One of the problems webcomics have these days—and this is a brilliant problem to have—is that there are so many of them, it actually becomes hard to find ones that you really like. There’s just so much out there vying for your attention that it becomes a kind of white noise that you don’t even pay attention to. This actually isn’t really a new problem, either; I can recall discussions about this very issue a full decade ago! And since then, to no surprise, more and more webcomics have debuted as more and more people prove it as a viable way to make a living.

So how does one go about finding new comics? By their very nature, there’s no real way to provide a clearing house for all of them in the way that Diamond is for pamphlet comics. And given the relative lack of coverage on comics and pop culture sites, there’s little in the way of reviews or even announcements.

When smart phones started coming out (and as various manufacturers tried to catch up with feature phones) there were a number of apps that were released that showcased webcomics. Users could view any number of comics, and subscribe to their favorites so they wouldn’t miss any installments. The problem that many of these apps faced, however, was that they were being developed wholly independently of the cartoonists. Developers would use scraping software to pull in the latest episodes without the consent of the webcomikers. This was a problem because many webcomics rely on advertising revenue from their sites; but if someone is removing the comics from the context of the original sites, there’s no means for the reader to even see those ads. This also decreases traffic to the site, and advertisers are less willing to pay for space there. Many early apps were shut down because of this process.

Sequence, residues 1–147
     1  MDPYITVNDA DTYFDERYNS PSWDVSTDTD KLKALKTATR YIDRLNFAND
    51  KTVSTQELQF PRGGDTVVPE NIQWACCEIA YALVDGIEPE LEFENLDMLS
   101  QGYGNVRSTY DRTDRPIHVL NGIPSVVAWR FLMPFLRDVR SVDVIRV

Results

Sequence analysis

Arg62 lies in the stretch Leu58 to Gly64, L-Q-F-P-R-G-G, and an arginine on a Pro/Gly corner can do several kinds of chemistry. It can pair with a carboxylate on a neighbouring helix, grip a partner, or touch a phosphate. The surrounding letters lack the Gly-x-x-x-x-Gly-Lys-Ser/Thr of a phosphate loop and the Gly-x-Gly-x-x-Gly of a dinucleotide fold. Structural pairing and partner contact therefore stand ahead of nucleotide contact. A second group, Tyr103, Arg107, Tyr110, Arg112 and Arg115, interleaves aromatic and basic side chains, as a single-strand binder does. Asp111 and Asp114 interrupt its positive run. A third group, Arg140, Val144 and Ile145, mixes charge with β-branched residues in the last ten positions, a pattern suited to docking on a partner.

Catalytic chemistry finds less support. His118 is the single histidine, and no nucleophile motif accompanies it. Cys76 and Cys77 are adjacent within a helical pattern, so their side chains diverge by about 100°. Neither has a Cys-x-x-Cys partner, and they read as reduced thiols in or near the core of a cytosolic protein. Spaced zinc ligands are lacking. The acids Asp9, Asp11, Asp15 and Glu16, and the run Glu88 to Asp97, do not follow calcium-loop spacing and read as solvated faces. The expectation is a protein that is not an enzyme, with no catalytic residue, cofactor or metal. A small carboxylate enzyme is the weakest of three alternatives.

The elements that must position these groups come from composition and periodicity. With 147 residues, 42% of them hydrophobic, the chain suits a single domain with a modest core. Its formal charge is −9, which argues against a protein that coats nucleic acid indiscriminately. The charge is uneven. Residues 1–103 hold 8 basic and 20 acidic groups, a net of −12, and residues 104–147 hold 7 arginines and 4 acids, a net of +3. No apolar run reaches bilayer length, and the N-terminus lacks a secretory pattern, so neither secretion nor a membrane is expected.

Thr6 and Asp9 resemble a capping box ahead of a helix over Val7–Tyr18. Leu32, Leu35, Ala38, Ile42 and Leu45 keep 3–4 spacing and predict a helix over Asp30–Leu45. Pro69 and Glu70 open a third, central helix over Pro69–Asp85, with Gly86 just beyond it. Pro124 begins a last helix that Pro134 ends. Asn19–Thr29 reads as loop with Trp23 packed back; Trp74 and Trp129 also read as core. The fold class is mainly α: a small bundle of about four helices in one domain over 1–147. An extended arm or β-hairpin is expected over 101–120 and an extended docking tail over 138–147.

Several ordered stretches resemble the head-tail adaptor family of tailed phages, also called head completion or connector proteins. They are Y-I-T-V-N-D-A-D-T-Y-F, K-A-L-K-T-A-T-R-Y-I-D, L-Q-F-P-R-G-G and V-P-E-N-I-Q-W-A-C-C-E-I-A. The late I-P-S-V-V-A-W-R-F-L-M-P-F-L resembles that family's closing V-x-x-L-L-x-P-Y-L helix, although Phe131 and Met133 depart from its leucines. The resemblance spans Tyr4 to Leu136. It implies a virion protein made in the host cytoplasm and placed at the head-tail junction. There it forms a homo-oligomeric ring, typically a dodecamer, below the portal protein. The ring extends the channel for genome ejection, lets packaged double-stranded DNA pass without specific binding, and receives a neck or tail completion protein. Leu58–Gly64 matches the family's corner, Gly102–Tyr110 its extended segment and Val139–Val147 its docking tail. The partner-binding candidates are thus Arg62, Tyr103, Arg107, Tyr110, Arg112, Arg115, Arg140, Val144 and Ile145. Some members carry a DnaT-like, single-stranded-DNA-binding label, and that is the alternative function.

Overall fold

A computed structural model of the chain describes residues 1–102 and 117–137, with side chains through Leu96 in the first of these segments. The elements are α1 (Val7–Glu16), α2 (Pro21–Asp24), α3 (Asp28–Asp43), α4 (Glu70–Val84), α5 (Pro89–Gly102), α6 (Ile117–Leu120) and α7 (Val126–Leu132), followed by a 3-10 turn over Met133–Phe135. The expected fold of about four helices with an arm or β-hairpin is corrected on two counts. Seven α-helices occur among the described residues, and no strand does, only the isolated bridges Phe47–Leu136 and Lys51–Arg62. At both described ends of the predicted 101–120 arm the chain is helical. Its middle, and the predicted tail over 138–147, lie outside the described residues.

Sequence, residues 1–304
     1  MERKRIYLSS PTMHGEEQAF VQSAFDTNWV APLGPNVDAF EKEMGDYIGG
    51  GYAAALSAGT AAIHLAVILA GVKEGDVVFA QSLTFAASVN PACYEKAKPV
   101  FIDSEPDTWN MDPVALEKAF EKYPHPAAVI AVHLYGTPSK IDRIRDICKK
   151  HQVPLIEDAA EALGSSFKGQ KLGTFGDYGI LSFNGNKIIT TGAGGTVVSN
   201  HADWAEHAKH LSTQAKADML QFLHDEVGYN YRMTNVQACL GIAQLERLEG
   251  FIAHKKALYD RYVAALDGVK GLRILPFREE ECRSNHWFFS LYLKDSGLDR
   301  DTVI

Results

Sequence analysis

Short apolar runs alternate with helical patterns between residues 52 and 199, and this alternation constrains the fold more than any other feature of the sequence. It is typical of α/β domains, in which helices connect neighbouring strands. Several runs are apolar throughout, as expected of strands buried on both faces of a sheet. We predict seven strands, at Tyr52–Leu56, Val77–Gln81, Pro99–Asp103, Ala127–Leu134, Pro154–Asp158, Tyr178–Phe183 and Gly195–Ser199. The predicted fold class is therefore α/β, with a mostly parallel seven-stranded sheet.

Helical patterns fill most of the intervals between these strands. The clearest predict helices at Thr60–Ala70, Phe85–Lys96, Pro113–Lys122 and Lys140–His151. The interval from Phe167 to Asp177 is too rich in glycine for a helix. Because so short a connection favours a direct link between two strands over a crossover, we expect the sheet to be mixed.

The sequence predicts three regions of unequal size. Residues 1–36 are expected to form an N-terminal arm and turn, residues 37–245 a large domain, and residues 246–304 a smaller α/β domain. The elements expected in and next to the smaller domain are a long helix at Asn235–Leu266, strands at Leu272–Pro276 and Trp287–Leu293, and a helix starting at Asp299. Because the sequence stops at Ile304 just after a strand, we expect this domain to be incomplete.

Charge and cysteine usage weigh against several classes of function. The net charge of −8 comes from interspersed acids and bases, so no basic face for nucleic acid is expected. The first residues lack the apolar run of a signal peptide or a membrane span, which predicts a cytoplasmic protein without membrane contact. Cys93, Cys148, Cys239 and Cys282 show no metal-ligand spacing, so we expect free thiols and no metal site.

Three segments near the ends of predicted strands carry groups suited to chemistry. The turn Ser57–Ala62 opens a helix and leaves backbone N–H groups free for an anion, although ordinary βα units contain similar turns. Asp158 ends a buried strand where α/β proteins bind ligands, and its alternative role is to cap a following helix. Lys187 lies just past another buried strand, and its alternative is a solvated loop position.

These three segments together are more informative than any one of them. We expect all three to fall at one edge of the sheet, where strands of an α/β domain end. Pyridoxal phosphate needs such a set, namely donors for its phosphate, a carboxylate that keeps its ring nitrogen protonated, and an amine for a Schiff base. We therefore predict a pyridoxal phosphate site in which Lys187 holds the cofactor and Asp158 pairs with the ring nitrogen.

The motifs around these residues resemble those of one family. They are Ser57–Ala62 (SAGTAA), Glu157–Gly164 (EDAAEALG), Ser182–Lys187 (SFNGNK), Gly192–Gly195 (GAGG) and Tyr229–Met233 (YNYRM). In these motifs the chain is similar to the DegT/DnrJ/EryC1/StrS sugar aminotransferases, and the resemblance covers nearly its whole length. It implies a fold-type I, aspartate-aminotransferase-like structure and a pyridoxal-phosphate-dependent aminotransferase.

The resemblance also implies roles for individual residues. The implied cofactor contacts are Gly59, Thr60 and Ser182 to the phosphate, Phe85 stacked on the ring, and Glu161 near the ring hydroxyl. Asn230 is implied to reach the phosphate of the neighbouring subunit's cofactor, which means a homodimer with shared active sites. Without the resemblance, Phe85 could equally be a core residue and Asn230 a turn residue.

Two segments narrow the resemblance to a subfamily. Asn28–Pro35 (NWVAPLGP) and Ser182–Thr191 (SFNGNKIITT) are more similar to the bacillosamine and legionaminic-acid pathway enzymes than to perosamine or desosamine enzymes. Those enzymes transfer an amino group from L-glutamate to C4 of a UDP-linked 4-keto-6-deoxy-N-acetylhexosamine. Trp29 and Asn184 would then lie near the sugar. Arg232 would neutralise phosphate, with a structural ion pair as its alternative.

More recently, I’ve noticed an uptick in webcomic apps again. These largely seem to be with the consent of the cartoonists represented, and many even stem from the webcomikers even requesting to be included. Although I don’t doubt there are still unscrupulous developers out there, they mostly appear to have learned the lessons of their predecessors.

The apps take a variety of forms, of course, but they often share the commonality of curation. Where the early apps just presented the reader with a slew of titles to choose from, the current crop have put more of a focus on presenting ones that a reader might be more inclined to enjoy. Some do that curation in a more traditional sense, using editors to manually select which comics are highlighted on any given day, while others use a user-driven ratings system to call out especially popular and well-received strips.

But that common thread of presenting the user with a more finite list to choose from is a direct result of readers feeling overwhelmed with the amount of choices they have when it comes to webcomics. They’re looking for others to at least narrow the list down from “all webcomics anywhere” to “webcomics that are good and might interest me.” I don’t know that there’s a standout app that’s generally considered THE webcomics app to use, so for now that still leaves readers with the decision of which app(s) to download. But that’s at least a smaller list to work from than “all webcomics.”

About The Author

Senior Editor, Comics & Lifestyle

Sean Kleefeld is an independent researcher whose work has been used by the likes of Marvel Entertainment, Titan Books and 20th Century Fox. He writes the ongoing “Incidental Iconography” column for The Jack Kirby Collector and had weekly “Kleefeld on Webcomics” and "Kleefeld's Fanthropology" columns for MTV Geek. He’s also contributed to Alter Ego, Back Issue and Comic Book Resources. Kleefeld’s 2009 book, Comic Book Fanthropology, addresses the questions of who and what comic fans are. He blogs daily at